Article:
I hope that everyone is having a grand week so far.  Last weekend was a very exciting weekend for The Traveling Foody Crew.  We started filming various locations around Seattle, Washington for our Youtube channel.  One of our favorite filming moments was at the farmers’ market. The University market to be specific.  The University District farmers’ market is said to be one of the largest and oldest “farmers-only” market in Seattle and is open all year around.  We met with so many producers and representatives and sampled some of the best products.  What I like about going to the farmers market is being able to connect with the producers and being able to talk about how and where the products are being produced. Plus, we take out the middleman and give our money directly to the farmer or the producer.

There are more farmers’ markets popping up all over the America and around the globe.  Not only are these farmers’ markets hot spots for locals but for travelers of all types.  An excellent farmers’ market consists of a snapshot of the region and informs the customers on what is going on with the animals and plant life and their conditions.  A draw to these markets is the social aspect where many of the markets have speakers and booths with information on their community and sustainability within.

If you have a chance on your travels to visit the local farmers’ market then you should venture out and experience what the region is producing.  I know for my family a visit to the farmers’ market makes our cooking and eating experience more enjoyable. I like to leave you with a few recipes we like to make using products from our local farmers’ market.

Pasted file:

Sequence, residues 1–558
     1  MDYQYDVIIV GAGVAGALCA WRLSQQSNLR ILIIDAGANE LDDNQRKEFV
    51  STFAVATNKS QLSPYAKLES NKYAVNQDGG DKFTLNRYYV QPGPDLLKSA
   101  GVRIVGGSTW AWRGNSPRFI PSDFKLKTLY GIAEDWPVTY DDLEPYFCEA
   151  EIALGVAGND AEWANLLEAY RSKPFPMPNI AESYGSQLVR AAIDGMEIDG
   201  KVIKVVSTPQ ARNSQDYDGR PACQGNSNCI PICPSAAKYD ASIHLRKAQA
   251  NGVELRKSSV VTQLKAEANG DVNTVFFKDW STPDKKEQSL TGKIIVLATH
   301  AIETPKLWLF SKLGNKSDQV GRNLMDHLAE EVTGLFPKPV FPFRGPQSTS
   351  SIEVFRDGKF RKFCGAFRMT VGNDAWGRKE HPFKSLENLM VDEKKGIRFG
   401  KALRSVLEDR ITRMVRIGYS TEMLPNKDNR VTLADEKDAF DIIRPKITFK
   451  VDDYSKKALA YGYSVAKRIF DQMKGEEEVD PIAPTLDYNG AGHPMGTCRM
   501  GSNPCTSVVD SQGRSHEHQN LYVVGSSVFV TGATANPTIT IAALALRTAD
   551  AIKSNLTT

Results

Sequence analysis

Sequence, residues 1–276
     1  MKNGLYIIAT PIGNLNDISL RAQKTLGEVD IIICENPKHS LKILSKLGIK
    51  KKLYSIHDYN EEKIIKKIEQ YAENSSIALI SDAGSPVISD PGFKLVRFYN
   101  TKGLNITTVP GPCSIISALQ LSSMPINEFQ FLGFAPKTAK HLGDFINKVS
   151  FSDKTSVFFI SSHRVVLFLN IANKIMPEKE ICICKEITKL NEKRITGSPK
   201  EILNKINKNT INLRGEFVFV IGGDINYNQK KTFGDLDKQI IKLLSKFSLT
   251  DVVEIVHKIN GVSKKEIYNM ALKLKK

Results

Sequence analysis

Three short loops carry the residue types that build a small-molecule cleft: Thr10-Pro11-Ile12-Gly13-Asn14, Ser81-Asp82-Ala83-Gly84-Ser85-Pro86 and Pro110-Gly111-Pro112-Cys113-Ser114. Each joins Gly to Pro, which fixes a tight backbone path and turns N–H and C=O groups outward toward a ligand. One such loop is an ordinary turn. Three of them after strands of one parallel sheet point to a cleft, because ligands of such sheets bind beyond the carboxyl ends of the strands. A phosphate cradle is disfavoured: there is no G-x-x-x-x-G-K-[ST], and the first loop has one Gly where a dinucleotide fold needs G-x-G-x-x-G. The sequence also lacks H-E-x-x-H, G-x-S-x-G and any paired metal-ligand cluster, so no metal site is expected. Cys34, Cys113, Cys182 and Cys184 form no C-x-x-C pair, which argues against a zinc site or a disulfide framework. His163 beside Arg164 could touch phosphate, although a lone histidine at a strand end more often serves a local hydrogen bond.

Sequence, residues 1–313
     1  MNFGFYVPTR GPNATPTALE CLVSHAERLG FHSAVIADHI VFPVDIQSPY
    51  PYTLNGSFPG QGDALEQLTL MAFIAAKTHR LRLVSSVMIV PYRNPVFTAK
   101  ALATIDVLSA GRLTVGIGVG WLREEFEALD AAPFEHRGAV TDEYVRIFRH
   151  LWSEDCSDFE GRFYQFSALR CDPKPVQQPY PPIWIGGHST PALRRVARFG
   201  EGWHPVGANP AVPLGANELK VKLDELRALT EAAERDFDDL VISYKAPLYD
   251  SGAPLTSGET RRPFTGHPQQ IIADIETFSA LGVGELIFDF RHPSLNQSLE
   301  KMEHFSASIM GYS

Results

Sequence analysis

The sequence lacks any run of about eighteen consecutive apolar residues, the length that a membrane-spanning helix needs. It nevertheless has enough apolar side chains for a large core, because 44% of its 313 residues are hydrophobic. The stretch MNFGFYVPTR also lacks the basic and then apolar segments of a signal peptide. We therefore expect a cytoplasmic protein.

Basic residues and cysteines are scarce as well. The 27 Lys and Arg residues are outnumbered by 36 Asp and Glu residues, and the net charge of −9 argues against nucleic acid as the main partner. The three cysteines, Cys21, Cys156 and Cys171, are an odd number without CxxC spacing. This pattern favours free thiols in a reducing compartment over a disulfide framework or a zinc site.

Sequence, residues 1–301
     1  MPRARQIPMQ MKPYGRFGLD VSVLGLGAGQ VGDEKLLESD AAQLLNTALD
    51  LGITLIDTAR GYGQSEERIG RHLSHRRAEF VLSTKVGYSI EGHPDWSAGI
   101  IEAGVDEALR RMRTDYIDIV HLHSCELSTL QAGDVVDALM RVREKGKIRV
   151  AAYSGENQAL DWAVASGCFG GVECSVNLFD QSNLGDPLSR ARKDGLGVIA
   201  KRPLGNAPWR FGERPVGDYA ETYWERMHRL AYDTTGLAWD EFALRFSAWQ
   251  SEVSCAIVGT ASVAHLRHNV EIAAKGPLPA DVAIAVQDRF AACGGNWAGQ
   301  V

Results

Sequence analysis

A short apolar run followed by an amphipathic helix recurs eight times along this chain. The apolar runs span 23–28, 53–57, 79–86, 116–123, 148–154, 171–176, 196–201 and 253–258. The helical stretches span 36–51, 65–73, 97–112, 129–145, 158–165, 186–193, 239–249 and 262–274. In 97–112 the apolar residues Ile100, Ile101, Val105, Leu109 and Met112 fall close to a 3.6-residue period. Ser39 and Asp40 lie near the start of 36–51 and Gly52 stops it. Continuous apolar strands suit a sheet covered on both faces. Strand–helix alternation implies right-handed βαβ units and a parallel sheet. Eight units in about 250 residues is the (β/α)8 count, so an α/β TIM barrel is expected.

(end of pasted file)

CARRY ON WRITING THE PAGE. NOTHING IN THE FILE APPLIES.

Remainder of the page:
Below like to leave you with a farmers’ market finder link for the United States.


Don’t forget to check out my book Around the World in 80 Recipes.  And please let your family and friends know about it.  You can purchase it paperback or Kindle.  More information can be found on our “Books” page on our website at


Strawberry Soup

Serves 4


  • 1 pound fresh strawberries
  • ¼ to ½ cup sugar, depending on the sweetness of the berries
  • 3 Tablespoons lime juice
  • ¼ cup crème fraîche
  • ¼ cup light cream



Rinse the berries and then remove their caps.  Transfer the berries into a blender.  Add the sugar, juice and crème fraîche and blend until the berries are finely chopped. Add the cream and purée.  Transfer into a glass bowl or jar, cover and refrigerate overnight. Taste and adjust the seasoning with a bit more lime juice, if needed.  Serve chilled.


Braised Baby Bok Choy with Celery and Ginger


  • 8 clusters baby bok choy
  • 1 Tablespoon olive oil
  • 1 ½ Tablespoon fresh ginger, peeled and shaved with a vegetable peeler
  • ½ cup celery, very thinly sliced on the diagonal
  • ½ cup onion, thinly sliced
  • 2 cups vegetable stock
  • 1 Tablespoon soy sauce



In a pan large enough to hold the bok choy in one layer, heat the olive oil over medium. Add the celery and onion and cook for several minutes.  Add the ginger and cook until the ginger becomes fragrant.  Add the vegetable stock, bring to a boil then simmer for 5 minutes.  Add the baby bok choy clusters in a single layer.  Simmer over medium low heat for 5 minutes, and then turn the clusters over.  Simmer for another 5 minutes, and then turn again.  Simmer for another 5 minutes, turn and sprinkle soy sauce over the bok choy.  Serve hot.